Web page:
Regarding the tension that often exists between the autonomy that the Government asserts is necessary in order to pursue effectively a particular goal and the process that a citizen contends he is due before he is deprived of a constitutional right, the ordinary mechanism that the United States Supreme Court uses for balancing such serious competing interests, and for determining the procedures that are necessary to ensure that a citizen is not deprived of life, liberty, or property, without due process of law, U.S. Const. amend. 5, is the Mathews test. Mathews dictates that the process due in any given instance is determined by weighing the private interest that will be affected by the official action against the Government's asserted interest, including the function involved and the burdens the Government would face in providing greater process. The Mathews calculus then contemplates a judicious balancing of these concerns, through an analysis of the risk of an erroneous deprivation of the private interest if the process were reduced and the probable value, if any, of additional or substitute safeguards.
One week after the September 11, 2001, terrorist attacks in the United States, Congress passed the Authorization for Use of Military Force resolution (AUMF), which included authorization for the President to use "all necessary and appropriate force" against "nations, organizations, or persons" associated with the September 11 attacks. Subsequently, United States and allied armed forces engaged in military operations in Afghanistan, where the Taliban regime was asserted to have supported an organization which had made the September 11 attacks. An individual who was allegedly a United States citizen was captured or seized in Afghanistan, in circumstances which would be disputed, by forces allied to the United States, and then turned over to the United States military. In 2002, the individual was transferred to a United States Navy facility in Virginia. The individual was still being detained there when his father filed, on the individual's purported behalf in the United States District Court for the Eastern District of Virginia, a habeas corpus petition under 28 USCS § 2241. The habeas corpus petition alleged that the Federal Government had improperly held the individual without access to legal counsel or notice of any charges pending against him. Furthermore, it included claims that the detention of the individual--"an American citizen"--had not been legally authorized, and violated provisions including the Federal Constitution's Fifth Amendment. The District Court found that the father was a proper "next friend" of the individual, appointed counsel, and ordered that counsel be given access to the individual. The United States Court of Appeals for the Fourth Circuit, in reversing and remanding, expressed the view that the District Court had failed to extend appropriate deference to the Federal Government's security and intelligence interests. On remand, the Federal Government filed a response and a motion to dismiss the petition. On appeal, the Court of Appeals, in reversing and in ordering the habeas corpus petition to be dismissed, expressed the view that even though the individual "apparently" was a United States citizen, and even if § 4001(a) required congressional authorization for his detention, the AUMF provided such authorization.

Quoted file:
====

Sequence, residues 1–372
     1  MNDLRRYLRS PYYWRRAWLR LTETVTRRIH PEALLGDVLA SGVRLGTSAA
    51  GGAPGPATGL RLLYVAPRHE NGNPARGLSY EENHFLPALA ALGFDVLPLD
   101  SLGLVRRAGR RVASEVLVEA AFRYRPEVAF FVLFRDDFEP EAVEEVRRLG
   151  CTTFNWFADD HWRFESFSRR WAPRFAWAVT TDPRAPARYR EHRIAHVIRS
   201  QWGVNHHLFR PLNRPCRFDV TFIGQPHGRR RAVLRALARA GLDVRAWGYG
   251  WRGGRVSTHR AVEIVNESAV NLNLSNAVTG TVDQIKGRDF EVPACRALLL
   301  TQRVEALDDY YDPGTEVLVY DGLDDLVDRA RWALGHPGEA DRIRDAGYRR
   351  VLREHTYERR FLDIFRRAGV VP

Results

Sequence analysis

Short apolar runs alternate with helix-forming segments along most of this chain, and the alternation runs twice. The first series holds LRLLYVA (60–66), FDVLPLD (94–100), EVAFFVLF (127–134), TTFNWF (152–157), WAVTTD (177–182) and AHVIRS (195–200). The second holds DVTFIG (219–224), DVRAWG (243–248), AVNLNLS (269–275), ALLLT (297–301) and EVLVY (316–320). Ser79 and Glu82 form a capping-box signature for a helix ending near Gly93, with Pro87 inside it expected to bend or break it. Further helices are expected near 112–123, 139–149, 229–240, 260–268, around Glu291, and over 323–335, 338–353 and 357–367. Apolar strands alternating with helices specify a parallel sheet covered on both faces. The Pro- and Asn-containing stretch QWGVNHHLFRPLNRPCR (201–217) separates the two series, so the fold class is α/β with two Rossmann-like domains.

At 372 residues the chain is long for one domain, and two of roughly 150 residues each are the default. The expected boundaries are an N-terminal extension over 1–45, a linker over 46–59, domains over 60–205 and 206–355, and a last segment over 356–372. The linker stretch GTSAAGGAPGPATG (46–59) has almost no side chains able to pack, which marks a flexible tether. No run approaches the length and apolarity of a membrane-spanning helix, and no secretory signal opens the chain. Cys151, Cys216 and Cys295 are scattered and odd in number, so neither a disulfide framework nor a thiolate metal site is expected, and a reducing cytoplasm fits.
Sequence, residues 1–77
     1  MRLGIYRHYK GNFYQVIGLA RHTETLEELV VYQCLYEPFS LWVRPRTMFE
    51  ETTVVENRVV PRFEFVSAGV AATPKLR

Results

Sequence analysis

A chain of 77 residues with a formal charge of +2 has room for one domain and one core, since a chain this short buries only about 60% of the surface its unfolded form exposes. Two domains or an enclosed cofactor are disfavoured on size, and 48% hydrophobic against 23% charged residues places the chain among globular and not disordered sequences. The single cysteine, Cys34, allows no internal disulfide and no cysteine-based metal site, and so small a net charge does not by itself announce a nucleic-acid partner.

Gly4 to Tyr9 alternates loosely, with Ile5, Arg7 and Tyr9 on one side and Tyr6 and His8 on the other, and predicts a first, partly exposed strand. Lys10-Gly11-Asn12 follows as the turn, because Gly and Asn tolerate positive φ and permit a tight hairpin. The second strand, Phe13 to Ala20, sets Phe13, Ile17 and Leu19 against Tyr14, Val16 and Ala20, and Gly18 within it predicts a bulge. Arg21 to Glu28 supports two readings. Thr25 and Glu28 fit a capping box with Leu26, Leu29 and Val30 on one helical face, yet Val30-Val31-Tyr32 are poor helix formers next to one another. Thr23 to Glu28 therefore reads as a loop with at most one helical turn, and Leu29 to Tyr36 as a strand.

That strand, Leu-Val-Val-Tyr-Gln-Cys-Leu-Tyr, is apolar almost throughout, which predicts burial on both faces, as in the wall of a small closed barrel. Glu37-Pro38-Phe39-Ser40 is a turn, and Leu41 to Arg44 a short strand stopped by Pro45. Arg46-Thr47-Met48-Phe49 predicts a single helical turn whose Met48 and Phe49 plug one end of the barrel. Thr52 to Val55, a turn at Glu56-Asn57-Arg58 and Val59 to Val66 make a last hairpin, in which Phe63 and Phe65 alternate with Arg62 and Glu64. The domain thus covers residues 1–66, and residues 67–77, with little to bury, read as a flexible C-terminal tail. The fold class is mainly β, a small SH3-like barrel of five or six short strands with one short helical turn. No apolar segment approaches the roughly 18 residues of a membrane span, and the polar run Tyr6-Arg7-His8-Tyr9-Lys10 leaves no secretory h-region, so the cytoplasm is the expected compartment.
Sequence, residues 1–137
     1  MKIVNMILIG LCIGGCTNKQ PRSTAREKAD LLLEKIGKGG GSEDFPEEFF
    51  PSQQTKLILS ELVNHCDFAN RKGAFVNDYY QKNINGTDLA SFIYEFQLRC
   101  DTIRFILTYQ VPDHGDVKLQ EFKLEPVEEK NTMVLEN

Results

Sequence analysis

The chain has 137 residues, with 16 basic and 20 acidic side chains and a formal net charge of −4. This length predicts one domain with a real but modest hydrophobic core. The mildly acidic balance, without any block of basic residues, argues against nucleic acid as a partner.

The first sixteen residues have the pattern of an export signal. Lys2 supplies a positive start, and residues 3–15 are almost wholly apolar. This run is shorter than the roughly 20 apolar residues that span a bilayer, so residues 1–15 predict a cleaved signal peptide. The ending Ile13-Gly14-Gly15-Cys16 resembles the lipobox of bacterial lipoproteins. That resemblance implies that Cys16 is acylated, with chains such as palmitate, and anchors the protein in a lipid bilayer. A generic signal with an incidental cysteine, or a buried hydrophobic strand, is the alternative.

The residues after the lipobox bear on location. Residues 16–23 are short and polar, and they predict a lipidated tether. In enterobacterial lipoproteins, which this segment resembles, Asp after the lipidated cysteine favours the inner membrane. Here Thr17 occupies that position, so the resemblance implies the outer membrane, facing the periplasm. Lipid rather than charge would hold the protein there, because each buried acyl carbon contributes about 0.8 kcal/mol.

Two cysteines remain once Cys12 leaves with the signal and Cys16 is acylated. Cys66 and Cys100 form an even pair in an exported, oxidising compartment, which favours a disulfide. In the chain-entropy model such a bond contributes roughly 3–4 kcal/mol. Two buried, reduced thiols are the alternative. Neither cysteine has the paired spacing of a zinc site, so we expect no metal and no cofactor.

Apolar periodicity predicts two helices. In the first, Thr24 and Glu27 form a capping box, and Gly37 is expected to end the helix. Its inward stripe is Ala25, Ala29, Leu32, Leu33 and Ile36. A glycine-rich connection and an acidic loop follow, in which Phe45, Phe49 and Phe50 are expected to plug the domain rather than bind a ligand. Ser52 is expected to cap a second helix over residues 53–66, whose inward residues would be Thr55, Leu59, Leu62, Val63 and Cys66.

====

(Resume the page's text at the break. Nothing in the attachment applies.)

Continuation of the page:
Was the petition for habeas corpus properly dismissed?
The Supreme Court vacated the appellate court's judgment and remanded the case for further proceedings. According to the Court, the Authorization for Use of Military Force (AUMF), 115 Stat. 224, authorized the detention of individuals in the citizen-detainee's circumstances and that the AUMF satisfied 18 U.S.C.S. § 4001(a)'s requirement that a detention be "pursuant to an Act of Congress." However, under the Mathews analysis, the Court determined that the citizen-detainee, seeking to challenge his classification as an enemy combatant, was entitled to receive notice of the factual basis for his classification, and a fair opportunity to rebut the Government's factual assertions before a neutral decision-maker. The Court rejected the Government's assertion that separation of powers principles mandated a heavily circumscribed role for the courts in such circumstances.